Monday, August 16, 2010

So, are you adopted?

Statistics tell us there are well over 250,000 Australians affected through adoption.  This simply means that from these 250,000 people, they are either adopted, adoptive parents, birth parents or members of families who have had adoption associated within thier lives.

I'm am just one little voice in this obviously very big ocean of adoption, and yes I find it kind of daunting that 44 years (almost 45) since my adoption took place that the issue does and will always continue to play a major role in my life as well as my opinions.  Many adoptees will not want for others to know about the fact they are adopted due to the fear of judgement placed on them or their families; but why in the age we live in - in today's society, do people continue to have this false belief about adopted people?

I don't know how many times I have heard people refer to adopted people as having hang-ups in life, that their families are not their real families.  I will always remember a remark that came from a cousin of mine at the funeral of my brother, who said 'oh well he wasn't your real brother.'  Well! I guess that's okay then, that because he wasn't my real brother I obviously wasn't affected as much as someone who perhaps lost a brother who wasn't adopted? Some people just don't get it.  Whether you are adopted or not, your family is your family, your parents are your parents and your brothers and sisters are just that - nothing less, ever.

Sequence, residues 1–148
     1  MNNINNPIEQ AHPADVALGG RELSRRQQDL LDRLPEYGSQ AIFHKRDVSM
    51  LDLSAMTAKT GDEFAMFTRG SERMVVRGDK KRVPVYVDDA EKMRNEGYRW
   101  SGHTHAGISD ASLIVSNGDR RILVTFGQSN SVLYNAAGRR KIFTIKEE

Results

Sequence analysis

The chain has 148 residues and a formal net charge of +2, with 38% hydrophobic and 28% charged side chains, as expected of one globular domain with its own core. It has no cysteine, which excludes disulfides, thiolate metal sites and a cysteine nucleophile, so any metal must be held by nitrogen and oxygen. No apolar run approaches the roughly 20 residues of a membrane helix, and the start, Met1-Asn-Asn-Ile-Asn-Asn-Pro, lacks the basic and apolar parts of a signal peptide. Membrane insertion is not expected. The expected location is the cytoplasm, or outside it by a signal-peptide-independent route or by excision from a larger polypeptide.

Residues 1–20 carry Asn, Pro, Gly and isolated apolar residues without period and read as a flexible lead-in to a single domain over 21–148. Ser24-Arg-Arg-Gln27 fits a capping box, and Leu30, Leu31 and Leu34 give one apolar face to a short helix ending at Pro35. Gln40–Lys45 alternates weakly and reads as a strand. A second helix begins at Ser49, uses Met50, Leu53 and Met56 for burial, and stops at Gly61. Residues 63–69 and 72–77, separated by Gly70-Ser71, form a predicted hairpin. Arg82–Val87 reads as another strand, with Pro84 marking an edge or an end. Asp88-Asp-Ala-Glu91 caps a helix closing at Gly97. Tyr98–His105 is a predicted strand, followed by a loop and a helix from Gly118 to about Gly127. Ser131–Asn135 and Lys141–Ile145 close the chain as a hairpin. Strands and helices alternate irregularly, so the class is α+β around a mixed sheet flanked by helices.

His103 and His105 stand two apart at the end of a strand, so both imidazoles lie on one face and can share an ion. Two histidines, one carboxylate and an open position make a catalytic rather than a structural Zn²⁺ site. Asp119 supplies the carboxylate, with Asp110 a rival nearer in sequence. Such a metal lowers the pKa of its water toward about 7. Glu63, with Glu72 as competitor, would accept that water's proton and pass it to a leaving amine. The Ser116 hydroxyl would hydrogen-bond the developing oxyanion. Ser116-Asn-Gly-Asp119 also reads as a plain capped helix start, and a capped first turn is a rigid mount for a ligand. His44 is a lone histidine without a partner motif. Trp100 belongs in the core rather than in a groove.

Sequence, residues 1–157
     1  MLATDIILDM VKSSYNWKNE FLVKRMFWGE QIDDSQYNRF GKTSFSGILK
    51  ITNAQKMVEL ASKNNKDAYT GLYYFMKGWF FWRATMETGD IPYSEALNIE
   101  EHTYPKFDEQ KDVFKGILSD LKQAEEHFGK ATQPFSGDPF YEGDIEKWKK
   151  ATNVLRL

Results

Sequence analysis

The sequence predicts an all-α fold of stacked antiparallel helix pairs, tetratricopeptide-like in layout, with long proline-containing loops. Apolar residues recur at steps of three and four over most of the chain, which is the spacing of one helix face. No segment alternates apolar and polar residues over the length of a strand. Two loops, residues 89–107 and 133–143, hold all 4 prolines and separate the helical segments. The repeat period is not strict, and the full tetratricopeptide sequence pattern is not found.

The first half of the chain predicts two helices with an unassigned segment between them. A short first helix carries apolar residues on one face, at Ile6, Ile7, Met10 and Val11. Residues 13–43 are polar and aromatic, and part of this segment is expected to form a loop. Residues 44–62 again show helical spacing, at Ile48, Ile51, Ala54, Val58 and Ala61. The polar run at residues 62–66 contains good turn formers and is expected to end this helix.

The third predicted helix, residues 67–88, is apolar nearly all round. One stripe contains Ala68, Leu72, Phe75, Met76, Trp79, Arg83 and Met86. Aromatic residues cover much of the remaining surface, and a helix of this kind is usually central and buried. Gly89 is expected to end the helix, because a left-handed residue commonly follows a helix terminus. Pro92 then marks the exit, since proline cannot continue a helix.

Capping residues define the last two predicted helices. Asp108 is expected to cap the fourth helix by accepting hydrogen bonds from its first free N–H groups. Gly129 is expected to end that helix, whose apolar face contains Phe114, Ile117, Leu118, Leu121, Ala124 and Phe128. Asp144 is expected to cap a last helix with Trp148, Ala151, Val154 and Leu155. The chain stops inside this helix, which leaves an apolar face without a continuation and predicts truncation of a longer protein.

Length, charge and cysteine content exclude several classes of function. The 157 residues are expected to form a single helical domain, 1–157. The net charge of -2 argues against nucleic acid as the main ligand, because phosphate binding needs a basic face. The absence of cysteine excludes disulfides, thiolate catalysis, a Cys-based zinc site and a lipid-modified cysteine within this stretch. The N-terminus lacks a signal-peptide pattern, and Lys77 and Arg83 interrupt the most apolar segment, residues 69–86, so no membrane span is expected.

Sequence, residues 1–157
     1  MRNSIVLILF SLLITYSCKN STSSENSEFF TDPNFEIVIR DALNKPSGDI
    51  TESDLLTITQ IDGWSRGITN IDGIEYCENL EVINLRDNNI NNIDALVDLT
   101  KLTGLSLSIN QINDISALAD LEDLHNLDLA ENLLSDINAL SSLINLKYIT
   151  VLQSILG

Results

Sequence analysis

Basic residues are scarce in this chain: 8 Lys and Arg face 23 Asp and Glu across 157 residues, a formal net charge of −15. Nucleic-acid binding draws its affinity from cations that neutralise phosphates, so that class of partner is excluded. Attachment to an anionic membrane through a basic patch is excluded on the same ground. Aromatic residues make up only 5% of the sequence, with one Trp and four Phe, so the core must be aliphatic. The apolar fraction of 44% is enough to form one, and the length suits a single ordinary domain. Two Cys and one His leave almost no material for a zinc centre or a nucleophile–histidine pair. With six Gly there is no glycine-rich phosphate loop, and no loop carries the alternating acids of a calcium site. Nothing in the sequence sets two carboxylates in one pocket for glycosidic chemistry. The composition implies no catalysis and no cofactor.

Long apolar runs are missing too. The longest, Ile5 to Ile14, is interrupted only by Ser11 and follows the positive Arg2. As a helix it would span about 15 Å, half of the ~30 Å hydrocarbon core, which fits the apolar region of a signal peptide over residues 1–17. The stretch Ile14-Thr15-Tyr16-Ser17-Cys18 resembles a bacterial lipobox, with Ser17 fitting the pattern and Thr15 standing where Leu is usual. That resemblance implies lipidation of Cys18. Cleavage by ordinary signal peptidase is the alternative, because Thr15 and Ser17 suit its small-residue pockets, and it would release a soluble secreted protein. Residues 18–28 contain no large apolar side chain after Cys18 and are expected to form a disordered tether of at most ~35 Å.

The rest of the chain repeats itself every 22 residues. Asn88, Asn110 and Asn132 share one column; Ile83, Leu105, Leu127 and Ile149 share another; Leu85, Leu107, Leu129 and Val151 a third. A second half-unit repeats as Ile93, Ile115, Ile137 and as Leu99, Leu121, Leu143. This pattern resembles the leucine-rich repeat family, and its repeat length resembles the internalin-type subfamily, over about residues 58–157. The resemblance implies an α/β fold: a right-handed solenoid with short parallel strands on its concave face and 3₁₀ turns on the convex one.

Our society and quite obviously even our own extended families just don't seem to always get it.  Adoption doesn't spell less love, less family, less importance.  Adopted people are still people with feelings, their parents hold as higher aspirations for thier children as parents with natural children, I can tell you this from experience.  I don't wish for my natural born son to have better opportunities in life than my adopted daughter - I wish that both my children have equal successes in life.

I'ts truly time for society to understand the complexities of adoption, to know what the real issues are that adoptees face and why.  I know I hate listening to silly jokes made by people about adoption, that their misinformed opinion is then transferred to an audience who have just as lesser idea of what is being communicated, yet take every word as gospal.

Australian adoption issues have been left in the dark for far too long and advocates such as Deborra-lee Furness are much needed to help erase the false stigma surrounded in our countries adoption matters.
For more info. on how to get involved contact

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